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Communities, culture and commodification: Mongolia's new resource politics

journal contribution
posted on 21.07.2015, 16:06 by Caroline Upton
Mongolia’s new resource politics, central to the country’s geopolitical considerations and ambitions in the twenty-first century, must be understood in relation to their complex, multiscalar socio-cultural, historical and environmental dimensions. This paper draws on the author’s participatory research activities with key informants in Ulaanbaatar and amongst rural herding communities to illuminate key aspects, contexts and implications of the new resource politics. Specifically, the paper presents an empirically informed analysis of pertinent social and institutional forms, environmental and cultural values and aspects of resource governance, with particular reference to land issues, pastoralism, mining and resistance. Conceptually, it draws on recent work, especially in geography and political ecology, on activism, conservation and particularly on emerging discourses and framings of natural resources as ‘ecosystem services’. Through attention to these concepts, it highlights contested dimensions of environmental values and valuation, of critical contemporary importance in Mongolia’s new resource politics.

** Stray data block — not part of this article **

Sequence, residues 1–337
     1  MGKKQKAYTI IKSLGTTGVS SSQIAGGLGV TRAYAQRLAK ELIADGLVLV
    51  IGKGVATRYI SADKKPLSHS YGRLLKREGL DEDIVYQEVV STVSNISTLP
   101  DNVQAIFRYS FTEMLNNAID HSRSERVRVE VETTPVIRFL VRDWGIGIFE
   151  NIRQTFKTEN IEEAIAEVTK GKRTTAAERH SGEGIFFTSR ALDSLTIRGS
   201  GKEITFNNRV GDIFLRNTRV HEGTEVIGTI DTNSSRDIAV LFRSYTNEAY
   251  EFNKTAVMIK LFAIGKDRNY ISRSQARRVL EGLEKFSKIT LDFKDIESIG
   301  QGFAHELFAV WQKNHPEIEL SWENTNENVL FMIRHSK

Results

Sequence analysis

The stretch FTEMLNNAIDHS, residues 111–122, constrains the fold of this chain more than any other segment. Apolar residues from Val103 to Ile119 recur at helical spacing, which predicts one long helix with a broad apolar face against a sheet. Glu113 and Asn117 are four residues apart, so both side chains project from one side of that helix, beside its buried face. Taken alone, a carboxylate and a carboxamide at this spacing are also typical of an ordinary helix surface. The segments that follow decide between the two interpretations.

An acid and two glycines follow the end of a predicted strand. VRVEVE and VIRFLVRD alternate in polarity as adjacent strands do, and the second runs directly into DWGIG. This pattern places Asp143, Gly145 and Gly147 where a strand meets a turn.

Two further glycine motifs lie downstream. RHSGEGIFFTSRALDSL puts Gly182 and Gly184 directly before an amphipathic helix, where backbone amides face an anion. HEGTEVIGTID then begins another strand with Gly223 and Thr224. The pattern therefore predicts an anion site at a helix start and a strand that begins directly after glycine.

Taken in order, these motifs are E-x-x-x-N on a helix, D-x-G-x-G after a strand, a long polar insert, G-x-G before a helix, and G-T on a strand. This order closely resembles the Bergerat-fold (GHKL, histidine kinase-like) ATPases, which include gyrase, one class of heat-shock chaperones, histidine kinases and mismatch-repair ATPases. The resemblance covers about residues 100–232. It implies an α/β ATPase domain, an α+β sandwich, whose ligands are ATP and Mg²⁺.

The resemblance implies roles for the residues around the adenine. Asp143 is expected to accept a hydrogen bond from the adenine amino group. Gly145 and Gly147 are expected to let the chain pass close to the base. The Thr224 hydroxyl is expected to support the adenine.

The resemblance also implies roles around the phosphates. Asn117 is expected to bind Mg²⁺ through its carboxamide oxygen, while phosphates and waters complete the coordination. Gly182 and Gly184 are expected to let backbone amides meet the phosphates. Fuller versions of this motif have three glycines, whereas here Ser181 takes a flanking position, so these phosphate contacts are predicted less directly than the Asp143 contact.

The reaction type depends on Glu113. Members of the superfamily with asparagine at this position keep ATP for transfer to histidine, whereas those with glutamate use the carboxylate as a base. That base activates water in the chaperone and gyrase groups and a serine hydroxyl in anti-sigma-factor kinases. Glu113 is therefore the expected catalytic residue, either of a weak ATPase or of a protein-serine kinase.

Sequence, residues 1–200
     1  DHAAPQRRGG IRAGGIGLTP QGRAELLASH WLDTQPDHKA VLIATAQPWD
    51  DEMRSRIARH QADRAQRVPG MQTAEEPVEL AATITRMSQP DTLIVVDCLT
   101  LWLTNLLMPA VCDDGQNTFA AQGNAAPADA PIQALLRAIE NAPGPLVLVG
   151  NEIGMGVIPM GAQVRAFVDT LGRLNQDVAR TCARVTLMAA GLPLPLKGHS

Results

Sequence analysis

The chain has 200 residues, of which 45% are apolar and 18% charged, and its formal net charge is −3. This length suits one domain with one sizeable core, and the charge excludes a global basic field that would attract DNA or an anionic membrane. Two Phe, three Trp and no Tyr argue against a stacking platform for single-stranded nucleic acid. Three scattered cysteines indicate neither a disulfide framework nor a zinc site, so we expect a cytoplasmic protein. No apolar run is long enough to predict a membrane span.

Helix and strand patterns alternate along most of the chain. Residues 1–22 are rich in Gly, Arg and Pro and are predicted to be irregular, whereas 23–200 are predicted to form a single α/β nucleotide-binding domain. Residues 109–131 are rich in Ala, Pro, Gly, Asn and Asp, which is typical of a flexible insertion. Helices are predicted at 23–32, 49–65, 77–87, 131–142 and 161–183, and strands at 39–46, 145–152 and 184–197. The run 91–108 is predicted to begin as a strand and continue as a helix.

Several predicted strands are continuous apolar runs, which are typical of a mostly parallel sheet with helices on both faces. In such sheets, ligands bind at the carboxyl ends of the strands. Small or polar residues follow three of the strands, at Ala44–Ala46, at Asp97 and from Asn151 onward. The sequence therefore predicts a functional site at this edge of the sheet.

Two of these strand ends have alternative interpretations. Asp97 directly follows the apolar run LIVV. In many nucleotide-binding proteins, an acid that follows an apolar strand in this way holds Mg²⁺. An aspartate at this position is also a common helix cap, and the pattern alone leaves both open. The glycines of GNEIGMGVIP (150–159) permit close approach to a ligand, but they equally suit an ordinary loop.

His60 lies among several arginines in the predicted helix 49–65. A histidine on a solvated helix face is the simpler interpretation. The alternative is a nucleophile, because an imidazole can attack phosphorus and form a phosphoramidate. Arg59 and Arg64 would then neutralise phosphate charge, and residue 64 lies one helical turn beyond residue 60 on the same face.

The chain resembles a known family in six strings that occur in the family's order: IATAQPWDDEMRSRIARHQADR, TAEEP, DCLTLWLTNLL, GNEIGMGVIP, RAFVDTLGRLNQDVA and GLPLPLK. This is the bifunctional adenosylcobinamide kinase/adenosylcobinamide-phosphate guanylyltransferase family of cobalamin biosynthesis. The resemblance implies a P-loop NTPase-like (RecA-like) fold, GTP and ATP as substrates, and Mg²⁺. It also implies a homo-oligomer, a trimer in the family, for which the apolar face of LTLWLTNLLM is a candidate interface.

History

Citation

Inner Asia, 2014, 16 (2), pp. 252-274 (22)

Author affiliation

/Organisation/COLLEGE OF SCIENCE AND ENGINEERING/Department of Geography/Human Geography

Version

AM (Accepted Manuscript)

Published in

Inner Asia

Publisher

Brill Academic Publishers

issn

1464-8172

Copyright date

1163

Available date

21/07/2015

Publisher version

http://booksandjournals.brillonline.com/content/journals/10.1163/22105018-12340018

Language

en